Holly Simons is one of the extraordinarily talented volunteer professionals giving sacrificially of their time and talents to the Union Gospel Mission. Holly is a board-certified psychiatric nurse and works with the Men’s Recovery team in a variety of capacities. She screens new referrals and looks at their history with regard to mental health and medications. She also notes past drug use that might affect cognitive functioning. She co-directs psychodrama therapy – a form of role-playing used to help residents deal with old wounds. And she is a healthy female for men to talk to.
Holly took some time to sit down with UGM writer, Barbara Comito, and explain the connection between mental health, addiction and homelessness.
Seriously Mentally Ill vs. Mental Disorders
UGM: You mentioned there’s a wide spectrum of mental disorders from sleep disorders to thought disorders and including the seriously mentally. Could you elaborate on that?
Holly: The Diagnostic and Statistical Manual of Mental Disorders (DSM-5), published by the American Psychiatric Association, is kind of like a dictionary of mental disorders. When we talk about the seriously mentally ill – that’s what most people tend to think of when they think of “mental illness.” They picture people seen walking the streets, talking and gesturing to themselves. The seriously mentally ill can be chronic and require psychotropic medications to remain stable.
Then, there’s the less severe disorders – mood disorders, anxiety disorders, compulsive disorders, PTSD,- and addiction is in there as a disorder. There are so many different disorders in this book that you could probably pick one and know somebody, if not yourself, who has one.
How can UGM help?
UGM: When it comes to the Union Gospel Mission and the people we are able to help with the resources we have…at what level of mental illness can we make an impact?
Holly: In looking at the Recovery program, which is the area in which I volunteer, the seriously mentally ill would have a very difficult time doing the program in that it is such an intense program. Looking at emotions, looking at the past, looking at trauma, even if they’re stable on medication, it would be very difficult for them to process the change emotionally to benefit from the program.
UGM: But, if I understand correctly, UGM is in a position to make a significant difference for people with lesser mental disorders. Is that correct?
Holly: As far as looking at addictions and mental disorders and what helps men stay in recovery, I think this program is incredible. I don’t know of any program that offers what this program offers. The variety of services, the quality of counselors, the treatment program itself as a whole, the support, the safety they provide for these men to be able to address these issues, is unbelievable. I mean, you feel Christ’s love in every area of the program, from when the counselors talk to the men, to the men interacting with each other, it becomes a safe place for them to really look at their anxiety, what’s underneath that anxiety, look at the depression and some of the roots of that depression, go back to the history of some of the traumas. We might push it down and forget about it, but it’s still there, and our body remembers it.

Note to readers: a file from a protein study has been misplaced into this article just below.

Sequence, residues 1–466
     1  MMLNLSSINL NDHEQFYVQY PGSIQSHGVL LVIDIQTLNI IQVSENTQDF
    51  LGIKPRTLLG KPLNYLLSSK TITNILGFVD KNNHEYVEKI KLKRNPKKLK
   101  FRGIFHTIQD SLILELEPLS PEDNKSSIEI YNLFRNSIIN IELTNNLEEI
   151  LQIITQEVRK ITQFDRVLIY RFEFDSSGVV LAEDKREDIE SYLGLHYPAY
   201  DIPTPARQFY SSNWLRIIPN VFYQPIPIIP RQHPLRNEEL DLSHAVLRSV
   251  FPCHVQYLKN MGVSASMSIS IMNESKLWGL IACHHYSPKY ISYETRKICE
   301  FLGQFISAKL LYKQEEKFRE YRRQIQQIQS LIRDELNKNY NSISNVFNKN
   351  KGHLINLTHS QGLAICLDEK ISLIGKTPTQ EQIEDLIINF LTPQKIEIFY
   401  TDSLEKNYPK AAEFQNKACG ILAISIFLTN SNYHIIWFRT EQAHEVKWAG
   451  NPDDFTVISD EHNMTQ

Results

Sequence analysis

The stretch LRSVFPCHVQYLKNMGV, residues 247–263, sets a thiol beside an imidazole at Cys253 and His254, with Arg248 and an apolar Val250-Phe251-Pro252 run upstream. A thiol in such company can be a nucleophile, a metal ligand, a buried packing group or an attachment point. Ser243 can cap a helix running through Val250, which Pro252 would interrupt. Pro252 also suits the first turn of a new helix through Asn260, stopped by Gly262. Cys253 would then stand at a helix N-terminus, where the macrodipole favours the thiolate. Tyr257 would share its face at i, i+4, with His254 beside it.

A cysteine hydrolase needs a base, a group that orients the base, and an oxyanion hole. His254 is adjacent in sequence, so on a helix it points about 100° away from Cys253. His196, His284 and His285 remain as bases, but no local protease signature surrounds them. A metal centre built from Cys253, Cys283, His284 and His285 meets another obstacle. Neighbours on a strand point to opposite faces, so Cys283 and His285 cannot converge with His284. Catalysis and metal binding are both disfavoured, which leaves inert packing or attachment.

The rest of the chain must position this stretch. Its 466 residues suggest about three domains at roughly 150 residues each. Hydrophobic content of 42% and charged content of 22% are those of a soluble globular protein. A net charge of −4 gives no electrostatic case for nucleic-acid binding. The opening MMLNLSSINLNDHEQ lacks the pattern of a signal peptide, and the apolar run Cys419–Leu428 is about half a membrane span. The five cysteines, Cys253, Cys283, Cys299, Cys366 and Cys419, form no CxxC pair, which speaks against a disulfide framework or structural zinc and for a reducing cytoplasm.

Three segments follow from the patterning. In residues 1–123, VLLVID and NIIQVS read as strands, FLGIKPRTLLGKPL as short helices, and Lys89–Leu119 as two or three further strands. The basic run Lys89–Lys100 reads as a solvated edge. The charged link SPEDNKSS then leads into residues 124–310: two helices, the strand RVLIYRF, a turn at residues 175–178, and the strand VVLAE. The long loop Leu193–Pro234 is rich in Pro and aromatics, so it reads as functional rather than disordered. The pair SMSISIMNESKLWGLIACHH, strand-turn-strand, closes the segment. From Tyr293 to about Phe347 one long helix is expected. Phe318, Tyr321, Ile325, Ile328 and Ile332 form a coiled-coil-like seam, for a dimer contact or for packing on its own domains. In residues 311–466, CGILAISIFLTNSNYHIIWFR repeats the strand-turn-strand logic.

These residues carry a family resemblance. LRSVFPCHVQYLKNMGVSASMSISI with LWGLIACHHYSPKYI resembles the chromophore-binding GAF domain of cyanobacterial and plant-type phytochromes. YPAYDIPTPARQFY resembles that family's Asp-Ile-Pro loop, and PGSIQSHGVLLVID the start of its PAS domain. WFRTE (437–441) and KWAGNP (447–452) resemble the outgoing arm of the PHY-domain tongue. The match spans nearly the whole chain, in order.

The Lasting Effects of Trauma
Holly: Our emotions are present way before our ability to cognitively process our environment. You know, it’s kind of like when you think of your mom’s favorite cooking, your favorite meal, you can almost smell it; you remember the kitchen; you remember those things, and that’s the same way with trauma. Trauma is still there. You experience it, such as a war veteran. They remember. When they hear a crash, all at once, they can be right there; their heart rate increases, their pulse increases, their breathing changes, they get hot. It’s the same way with trauma.
One of the things this program creates is a safe place for men to process, so they can really start healing. I always leave UGM having experienced the love of Christ on some level. No wonder I keep coming back.
UGM: What is the connection between mental disorders and homelessness?
Holly: You have the anxiety. You have the depression. You have the trauma – the thing with addiction is to escape the painful emotions and thinking that trigger old wounds. If I get drunk or if I shoot up, then I’m not going to feel, and I’m not going to think. So it pushes it down. They feel normal for a change. They don’t feel the pain, but the more you take, then the bigger the problem you’re creating. Now, you’ve isolated yourself from family. You’ve isolated yourself from your children, from your work, so it creates a bigger problem than the one you started with. Then you become homeless, and that cycle continues until there’s some type of intervention. And for some it doesn’t happen, and that’s the sad part.